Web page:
This book uses controversies as a gateway through which to explore the origins, ethics, key moments, and people in the history of anthropology. It draws on a variety of cases including complicity in "human zoos", Malinowski’s diaries, and the Human Terrain System to explore how anthropological controversies act as a driving force for change, how they offer a window into the history of and research practice in the discipline, and how they might frame wider debates such as those around reflexivity, cultural relativism, and the politics of representation. The volume provokes discussion about research ethics and practice with tangible examples where gray areas are brought into sharp relief. The controversies examined in the book all involve moral or practical ambiguities that offer an opportunity for students to engage with the debate and the dilemmas faced by anthropologists, both in relation to the specific incidents covered and to the problems posed more generally due to the intimate and political implications of ethnographic research.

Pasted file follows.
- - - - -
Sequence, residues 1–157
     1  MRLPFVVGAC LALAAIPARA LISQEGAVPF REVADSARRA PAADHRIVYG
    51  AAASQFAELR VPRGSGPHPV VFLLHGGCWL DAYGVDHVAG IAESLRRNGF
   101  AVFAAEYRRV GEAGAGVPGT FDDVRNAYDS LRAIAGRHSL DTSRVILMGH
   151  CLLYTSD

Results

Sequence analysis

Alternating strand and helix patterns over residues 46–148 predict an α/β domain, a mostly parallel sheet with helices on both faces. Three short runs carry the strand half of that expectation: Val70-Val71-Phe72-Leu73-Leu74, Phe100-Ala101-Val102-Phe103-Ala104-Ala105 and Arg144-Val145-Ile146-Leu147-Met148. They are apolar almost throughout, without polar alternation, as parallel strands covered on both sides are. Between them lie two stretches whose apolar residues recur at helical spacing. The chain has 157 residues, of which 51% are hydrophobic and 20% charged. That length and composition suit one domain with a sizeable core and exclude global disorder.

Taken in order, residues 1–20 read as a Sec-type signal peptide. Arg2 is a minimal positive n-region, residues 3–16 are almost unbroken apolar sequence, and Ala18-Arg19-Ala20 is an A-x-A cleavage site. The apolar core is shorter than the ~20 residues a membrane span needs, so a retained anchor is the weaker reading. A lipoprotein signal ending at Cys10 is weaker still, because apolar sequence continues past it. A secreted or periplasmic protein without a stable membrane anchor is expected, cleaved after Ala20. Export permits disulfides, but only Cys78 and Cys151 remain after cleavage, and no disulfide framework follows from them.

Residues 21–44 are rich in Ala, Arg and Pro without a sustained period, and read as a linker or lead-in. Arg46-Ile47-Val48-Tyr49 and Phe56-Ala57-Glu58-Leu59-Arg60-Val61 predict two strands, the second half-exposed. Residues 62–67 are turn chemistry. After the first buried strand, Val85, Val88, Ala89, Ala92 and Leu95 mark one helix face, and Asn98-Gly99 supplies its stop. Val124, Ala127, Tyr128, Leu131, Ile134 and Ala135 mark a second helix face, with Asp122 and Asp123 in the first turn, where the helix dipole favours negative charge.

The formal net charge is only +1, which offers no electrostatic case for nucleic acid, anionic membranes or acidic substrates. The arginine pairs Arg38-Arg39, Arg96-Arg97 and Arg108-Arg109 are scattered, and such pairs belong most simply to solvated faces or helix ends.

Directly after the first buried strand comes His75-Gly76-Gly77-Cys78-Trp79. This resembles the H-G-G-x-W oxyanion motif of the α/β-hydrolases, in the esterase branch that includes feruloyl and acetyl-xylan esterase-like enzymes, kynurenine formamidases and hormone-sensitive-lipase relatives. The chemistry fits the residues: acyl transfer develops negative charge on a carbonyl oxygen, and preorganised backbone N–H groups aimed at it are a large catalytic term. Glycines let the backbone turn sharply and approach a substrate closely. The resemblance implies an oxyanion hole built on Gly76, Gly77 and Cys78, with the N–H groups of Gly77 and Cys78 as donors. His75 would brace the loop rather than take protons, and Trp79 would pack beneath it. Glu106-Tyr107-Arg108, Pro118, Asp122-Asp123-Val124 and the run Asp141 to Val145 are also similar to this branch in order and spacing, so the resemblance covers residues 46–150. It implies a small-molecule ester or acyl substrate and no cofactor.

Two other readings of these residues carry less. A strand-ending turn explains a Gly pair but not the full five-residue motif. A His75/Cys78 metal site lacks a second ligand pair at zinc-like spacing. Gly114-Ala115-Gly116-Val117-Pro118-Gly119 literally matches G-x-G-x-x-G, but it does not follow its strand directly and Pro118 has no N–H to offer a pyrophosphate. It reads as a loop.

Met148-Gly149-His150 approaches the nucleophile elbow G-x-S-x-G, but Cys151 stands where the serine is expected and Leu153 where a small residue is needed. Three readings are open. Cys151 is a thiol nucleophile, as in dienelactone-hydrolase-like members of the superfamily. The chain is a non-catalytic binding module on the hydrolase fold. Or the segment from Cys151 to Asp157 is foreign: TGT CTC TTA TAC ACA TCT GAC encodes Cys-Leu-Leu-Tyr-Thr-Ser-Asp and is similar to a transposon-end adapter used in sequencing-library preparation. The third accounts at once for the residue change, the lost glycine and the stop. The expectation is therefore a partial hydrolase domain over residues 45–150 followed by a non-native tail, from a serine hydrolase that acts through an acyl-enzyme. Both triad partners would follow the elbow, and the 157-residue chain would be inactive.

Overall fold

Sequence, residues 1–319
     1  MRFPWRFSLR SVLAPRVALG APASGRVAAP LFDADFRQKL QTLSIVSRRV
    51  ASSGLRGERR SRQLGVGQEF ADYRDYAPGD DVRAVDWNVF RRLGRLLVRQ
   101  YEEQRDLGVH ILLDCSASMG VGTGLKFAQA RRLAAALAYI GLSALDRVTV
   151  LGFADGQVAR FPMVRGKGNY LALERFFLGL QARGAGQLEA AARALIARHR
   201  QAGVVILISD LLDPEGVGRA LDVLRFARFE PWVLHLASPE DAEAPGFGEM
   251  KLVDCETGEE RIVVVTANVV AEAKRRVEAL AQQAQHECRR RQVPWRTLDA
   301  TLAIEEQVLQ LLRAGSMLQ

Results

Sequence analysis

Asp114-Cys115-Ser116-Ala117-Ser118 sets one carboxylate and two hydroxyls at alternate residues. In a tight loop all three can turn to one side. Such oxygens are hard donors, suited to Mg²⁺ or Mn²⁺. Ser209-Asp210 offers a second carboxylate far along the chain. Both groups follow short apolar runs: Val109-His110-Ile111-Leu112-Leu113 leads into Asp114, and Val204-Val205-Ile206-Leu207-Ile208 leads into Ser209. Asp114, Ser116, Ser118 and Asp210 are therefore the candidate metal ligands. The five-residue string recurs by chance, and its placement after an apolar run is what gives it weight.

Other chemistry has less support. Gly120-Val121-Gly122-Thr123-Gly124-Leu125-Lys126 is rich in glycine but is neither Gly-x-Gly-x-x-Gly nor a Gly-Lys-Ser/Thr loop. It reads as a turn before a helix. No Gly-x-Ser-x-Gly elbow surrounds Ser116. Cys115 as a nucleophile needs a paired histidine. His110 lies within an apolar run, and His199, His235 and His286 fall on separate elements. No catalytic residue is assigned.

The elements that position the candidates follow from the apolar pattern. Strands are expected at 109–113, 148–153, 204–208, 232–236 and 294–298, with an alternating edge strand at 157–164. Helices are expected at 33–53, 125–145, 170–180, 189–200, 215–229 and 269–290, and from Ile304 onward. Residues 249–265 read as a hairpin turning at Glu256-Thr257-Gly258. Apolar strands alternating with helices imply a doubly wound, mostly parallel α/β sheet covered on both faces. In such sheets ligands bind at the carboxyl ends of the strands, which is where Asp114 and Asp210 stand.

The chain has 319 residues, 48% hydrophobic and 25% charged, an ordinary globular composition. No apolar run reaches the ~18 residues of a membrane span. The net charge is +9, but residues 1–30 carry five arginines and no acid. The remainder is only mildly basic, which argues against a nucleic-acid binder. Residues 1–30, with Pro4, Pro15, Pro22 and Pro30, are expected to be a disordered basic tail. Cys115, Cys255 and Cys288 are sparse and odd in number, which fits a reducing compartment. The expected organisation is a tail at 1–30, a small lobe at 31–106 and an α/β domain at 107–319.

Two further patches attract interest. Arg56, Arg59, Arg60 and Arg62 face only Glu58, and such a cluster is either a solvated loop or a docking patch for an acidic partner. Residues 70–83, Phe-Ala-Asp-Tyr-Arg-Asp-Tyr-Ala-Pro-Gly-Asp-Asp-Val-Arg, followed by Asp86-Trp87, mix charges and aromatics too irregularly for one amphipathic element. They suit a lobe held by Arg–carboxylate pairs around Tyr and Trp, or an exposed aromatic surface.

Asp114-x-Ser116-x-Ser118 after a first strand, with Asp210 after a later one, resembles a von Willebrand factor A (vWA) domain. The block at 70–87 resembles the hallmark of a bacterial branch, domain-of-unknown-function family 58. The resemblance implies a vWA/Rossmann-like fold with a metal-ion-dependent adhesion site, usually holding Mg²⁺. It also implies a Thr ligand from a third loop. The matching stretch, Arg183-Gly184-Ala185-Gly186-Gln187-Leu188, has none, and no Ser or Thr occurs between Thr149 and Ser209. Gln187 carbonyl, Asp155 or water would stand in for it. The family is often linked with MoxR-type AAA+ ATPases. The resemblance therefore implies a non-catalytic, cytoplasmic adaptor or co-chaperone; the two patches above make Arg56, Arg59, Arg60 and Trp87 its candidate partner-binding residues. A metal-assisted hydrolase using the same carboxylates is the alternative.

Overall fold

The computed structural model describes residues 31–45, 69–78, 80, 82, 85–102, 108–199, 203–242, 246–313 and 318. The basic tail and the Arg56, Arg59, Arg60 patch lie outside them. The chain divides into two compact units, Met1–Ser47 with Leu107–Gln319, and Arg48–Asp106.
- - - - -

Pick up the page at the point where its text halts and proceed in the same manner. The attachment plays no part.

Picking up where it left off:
|Number of pages||212|
|Publication status||Published - 1 Jun 2020|
- Margaret Mead